For the first time, two special tactics airmen integrated into Marine Raider training to learn how to lead a joint ground force.
The officers from the Special Tactics Training Squadron at Hurlburt Field, Florida, spent four months, from January to April, immersed in the first phase of Marine Special Operations Command’s seven-month Individual Training Course.
The two airmen took part alongside nearly 100 Marines.
Col. Michael Martin, commander of the 24th Special Operations Wing, said he’s on a quest to provide joint training opportunities for his force.
In addition to sending airmen to train with other services, the wing has also implemented a three-week Leadership Development Course, which had its first run in mid-May.
The two special tactics officers brought the skills they learned from MARSOC to the new internal leadership training.
The course incorporates ground force commander training, similar to what the airmen experienced during their time with the Marines. The goal is to become better partners and leaders within the joint environment.
“We wanted to get some of that DNA blueprint of being a MARSOC Raider imprinted on some of our guys,” Martin said.
Sending more airmen to joint training allows them to return to the Air Force and share those best practices with other future leaders, he said.
“It has really fueled the diversified discussion of what are the best things for us to train in our own Leadership Development Course,” Martin said.
Training with Marines
The squadron sent two airmen because “we never send one — we always have a buddy team,” Martin said. “The intent was to put these guys in a position to better learn how to troop lead and how to make decisions and evaluate risks in advance of combat control school.”
The two officers were chosen because they’re still in training and haven’t gone to an operational unit. One will next head to combat control school and the other to air traffic control school.
Martin said the training prepared the airmen to “be the best they can be as leaders and being responsible for men and women going through the training pipeline.”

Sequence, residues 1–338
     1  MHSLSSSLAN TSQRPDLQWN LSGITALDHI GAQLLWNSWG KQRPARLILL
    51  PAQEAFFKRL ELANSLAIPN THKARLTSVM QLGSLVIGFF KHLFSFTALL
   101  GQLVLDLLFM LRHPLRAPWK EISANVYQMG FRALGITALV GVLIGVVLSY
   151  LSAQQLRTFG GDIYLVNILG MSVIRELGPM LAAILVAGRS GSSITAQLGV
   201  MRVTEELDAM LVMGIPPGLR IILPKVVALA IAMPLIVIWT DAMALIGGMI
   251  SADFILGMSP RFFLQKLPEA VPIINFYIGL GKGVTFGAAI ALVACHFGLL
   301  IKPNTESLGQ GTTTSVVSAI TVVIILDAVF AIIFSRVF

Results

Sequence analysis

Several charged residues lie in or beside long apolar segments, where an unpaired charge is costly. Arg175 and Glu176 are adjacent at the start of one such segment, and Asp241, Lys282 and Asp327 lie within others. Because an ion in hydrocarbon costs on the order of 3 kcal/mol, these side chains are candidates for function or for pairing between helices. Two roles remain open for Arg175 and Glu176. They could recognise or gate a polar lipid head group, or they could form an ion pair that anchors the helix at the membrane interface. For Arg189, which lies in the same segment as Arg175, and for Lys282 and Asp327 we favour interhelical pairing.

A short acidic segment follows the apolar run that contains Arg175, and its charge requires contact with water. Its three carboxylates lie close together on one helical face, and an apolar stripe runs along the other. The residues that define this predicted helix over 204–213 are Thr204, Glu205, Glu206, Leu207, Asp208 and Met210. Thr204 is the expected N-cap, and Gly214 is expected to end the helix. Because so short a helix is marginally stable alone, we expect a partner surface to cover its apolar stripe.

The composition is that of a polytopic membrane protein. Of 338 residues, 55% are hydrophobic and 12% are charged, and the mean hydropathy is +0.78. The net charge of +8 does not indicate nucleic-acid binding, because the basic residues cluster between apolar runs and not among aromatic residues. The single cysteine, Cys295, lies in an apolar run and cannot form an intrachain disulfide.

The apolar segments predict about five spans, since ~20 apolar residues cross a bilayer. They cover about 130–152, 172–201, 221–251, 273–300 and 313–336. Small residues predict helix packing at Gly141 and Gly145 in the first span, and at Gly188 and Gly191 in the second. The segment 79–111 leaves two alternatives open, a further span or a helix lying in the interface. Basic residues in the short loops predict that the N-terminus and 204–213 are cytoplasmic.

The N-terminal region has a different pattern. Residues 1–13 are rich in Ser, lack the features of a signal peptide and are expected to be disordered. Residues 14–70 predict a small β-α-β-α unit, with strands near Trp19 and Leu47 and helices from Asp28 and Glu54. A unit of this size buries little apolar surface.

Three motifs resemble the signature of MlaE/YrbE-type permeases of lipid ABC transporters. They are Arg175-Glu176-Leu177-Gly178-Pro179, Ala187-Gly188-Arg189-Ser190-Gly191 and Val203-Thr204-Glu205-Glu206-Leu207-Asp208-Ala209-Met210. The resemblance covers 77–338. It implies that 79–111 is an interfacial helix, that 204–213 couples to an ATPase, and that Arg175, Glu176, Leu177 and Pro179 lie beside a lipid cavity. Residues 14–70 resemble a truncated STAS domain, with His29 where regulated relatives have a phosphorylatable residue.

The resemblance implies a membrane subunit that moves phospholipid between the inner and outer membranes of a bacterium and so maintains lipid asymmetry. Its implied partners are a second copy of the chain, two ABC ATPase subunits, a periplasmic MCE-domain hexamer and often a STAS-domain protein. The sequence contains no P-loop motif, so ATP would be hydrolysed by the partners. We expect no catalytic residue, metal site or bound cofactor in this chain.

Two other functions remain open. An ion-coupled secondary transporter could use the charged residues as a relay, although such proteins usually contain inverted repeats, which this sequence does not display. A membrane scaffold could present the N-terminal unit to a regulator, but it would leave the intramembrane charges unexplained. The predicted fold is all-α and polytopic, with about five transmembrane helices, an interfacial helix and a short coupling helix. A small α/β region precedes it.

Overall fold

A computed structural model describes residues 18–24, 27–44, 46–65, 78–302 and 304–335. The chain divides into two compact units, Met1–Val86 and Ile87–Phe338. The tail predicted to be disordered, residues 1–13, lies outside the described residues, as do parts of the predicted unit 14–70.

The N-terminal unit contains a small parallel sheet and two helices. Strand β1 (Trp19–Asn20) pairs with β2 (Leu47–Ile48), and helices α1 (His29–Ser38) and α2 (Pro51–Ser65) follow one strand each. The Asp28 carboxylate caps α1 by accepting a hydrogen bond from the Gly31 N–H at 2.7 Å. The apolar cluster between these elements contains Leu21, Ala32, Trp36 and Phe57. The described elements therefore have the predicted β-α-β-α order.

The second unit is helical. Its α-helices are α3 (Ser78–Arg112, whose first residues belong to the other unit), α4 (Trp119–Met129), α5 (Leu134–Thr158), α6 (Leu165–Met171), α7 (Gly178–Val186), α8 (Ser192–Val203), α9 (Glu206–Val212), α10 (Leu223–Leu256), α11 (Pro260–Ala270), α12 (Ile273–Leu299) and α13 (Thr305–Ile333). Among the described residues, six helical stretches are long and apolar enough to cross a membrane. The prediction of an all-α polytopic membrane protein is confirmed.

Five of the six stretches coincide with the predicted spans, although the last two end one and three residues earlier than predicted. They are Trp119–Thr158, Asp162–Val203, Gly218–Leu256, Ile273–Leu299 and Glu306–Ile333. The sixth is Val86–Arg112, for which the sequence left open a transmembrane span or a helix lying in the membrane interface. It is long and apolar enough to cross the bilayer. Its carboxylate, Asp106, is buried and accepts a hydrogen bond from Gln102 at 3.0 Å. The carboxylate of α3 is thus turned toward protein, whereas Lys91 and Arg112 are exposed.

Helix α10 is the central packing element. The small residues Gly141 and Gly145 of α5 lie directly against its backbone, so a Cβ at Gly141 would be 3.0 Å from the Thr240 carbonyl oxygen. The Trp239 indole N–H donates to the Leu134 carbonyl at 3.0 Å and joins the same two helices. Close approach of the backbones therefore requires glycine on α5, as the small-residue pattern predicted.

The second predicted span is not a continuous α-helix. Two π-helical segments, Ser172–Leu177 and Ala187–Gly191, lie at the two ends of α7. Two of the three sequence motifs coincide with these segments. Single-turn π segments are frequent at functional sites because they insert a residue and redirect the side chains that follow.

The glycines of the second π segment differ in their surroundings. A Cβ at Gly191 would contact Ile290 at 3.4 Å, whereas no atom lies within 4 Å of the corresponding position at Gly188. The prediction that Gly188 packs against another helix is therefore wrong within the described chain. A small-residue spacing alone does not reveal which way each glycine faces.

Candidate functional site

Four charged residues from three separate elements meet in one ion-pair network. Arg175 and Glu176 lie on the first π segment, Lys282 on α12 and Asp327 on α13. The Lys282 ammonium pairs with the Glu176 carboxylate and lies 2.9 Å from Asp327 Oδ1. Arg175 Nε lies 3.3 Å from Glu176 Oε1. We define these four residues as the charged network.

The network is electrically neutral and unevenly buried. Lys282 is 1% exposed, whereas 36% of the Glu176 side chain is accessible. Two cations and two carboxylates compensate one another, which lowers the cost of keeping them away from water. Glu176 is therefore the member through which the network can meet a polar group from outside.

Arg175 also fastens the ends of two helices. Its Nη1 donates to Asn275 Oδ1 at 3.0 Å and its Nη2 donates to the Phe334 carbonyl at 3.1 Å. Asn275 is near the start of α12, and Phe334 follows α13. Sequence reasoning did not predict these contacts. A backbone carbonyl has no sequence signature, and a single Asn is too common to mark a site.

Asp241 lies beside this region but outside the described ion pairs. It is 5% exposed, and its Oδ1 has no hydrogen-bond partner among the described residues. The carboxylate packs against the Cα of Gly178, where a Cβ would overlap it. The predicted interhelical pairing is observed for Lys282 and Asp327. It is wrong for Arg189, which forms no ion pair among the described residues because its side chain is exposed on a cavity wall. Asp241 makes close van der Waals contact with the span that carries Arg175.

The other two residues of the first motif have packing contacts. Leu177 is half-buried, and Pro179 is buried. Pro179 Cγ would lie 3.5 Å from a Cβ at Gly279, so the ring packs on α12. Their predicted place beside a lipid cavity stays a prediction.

The two special tactics officers — the Air Force is not releasing their names because they are preparing to serve in special operations — told Air Force Times that learning from the Marines increased their abilities to lead.
“When we go to our schools, we’re working with just airmen or special tactics officer students,” said one, who’s been in the Air Force for three years. “The biggest difference was, while we were learning these new skills, we were also learning how to operate with members of a sister service, which is going to be huge for us later in our careers.”
The first six weeks of the MARSOC training taught the participants the skills they would need for the duration of the course, the airmen said. This included communications and medical training.
After that was three weeks of Survival, Evasion, Resistance and Escape training, followed by two weeks of amphibious assault training in Key West, Florida. The final four weeks of the course focused on ground tactics.
“The most valuable thing we learned was how to go about the planning process from guys that have experience doing that in the real world, and how to utilize all of the people on your team,” said the second officer, who has been in the Air Force for about nine months.
“The Marines were very accommodating and were very welcoming to us,” he said. “Three, four, five years from now, we’ll absolutely be able to call up any one of our teammates and work together in an operational environment.”
Integrated training is vital, he said.
“We can both be more successful because we’re not going to be working in a vacuum, no matter where we’re operating at,” said the airman who’s been in for three years.
The Air Force will continue to send airman to MARSOC training as well as to Army Ranger School.
Charlsy Panzino covers the Guard and Reserve, training, technology, operations and features for Army Times and Air Force Times. Email her at firstname.lastname@example.org.